“Public Interest” Technology – Data Surveillance of Poor Communities
Step Up Silicon Valley (SUSV) and Catholic Charities received $150,000 from the Health Trust’s disruption grant program for development of the pay for success model. SVCF and Santa Clara County each contributed an additional $75,000. Step Up Silicon Valley was created by Catholic Charities as a “poverty lab” to catalyze systems change in the social service sector of Silicon Valley. Its “1,000 Out of Poverty” effort became a testbed to refine elements of the program, including the “Self-Sufficiency Measure,” a “scorecard” tracking the “progress” of low-income clients in the areas of food, housing, healthcare, education and income. Such systems of consolidated data-tracking are a prerequisite for outcomes-based contracting to scale. SUSV worked with Community Technology Alliance (CTA), a non-profit set up to harness technology to create data-driven solutions to poverty. Together they customized the tool, which is based on one created in Arizona. CTA’s board members are embedded in the tech community and certainly have a financial stake in the transition of the nonprofit social sector to a data-driven, market-based model.
Continue reading here.
Digital Identity Tied To Public Assistance
We are seeing a first wave of digital driver’s licenses rolling out now. Idemia is pushing “augmented identity.” The pandemic is likely to speed up adoption. GAVI, a Gates Foundation-funded partner in ID2020, is piloting a program that combines vaccination with a digital identity. Another ID2020 effort, MyPass, backed by Bloomberg Philanthropies in Austin, assigns Blockchain identity to unhoused people to help them keep track of things like medical records. This program doesn’t require anyone to be “chipped.” The first phase operates using a simple QR code that is printed out and laminated. Though I expect eventually biometric data will be attached to the record.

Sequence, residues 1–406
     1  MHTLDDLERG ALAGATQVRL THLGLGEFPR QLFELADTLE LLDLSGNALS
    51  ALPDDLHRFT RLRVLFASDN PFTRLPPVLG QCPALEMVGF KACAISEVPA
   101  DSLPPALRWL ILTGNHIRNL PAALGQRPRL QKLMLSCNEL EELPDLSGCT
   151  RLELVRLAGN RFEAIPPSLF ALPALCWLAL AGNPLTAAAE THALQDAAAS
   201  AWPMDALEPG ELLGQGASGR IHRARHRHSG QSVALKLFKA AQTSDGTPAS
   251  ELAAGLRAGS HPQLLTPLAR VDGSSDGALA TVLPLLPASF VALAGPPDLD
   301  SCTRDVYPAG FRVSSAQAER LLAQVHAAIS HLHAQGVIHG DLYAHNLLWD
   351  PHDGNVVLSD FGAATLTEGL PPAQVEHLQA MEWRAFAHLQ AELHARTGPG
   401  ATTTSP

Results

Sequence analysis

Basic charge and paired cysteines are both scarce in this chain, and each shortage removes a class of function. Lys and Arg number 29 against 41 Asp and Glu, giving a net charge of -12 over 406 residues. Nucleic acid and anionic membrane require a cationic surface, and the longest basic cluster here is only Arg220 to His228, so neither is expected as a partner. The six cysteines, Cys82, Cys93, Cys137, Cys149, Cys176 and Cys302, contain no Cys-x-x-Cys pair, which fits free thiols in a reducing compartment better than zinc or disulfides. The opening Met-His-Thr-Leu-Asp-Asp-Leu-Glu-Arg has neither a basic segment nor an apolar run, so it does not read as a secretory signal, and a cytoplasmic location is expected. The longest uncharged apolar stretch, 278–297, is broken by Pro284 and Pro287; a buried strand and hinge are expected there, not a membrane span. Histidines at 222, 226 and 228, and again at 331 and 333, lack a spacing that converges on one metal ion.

Continue reading here.
Testimony Provided To Philadelphia’s “Poverty Committee” on Pay For Success, Housing, and Municipal ID
I express concern about Philadelphia’s municipal ID program, and how it could evolve into a “federated citizen” or digital identity system to track “impact” for the purposes of investors. I note that we must understand Philadelphia’s deep poverty as the legacy of structural racism and recognize that continued automation of work will lead to a world of increasingly concentrated wealth and power. In this world those at the helm of the finance and technology sectors will rule over the masses through the Internet of Things, Big Data, and predictive analytics. I state that pay for success finance is already being piloted in Philadelphia by Project Home, and that Sister Mary Scullion gave welcoming remarks at the first Total Impact conference in Philadelphia last year. Omar Woodard of the Green Light Fund was a speaker at this year’s gathering, and Tayyib Smith, a Green Light Fund board member, serves on the housing subcommittee. A partner in this initiative is the Reinvestment Fund, lead investor in several “pay for success” deals including the Welcome Home social impact bond in Santa Clara, CA, which I wrote about here, and the Family Stability program in Connecticut, which I wrote about here. The Reinvestment Fund collaborates with Palantir (predictive policing, ICE contracts) in their deal evaluation. See Santa Clara’s Data-Mining Deal With Palantir Draws Scrutiny From Privacy Advocates, covered by SanJoseInside in August of 2018.
Watch testimony here.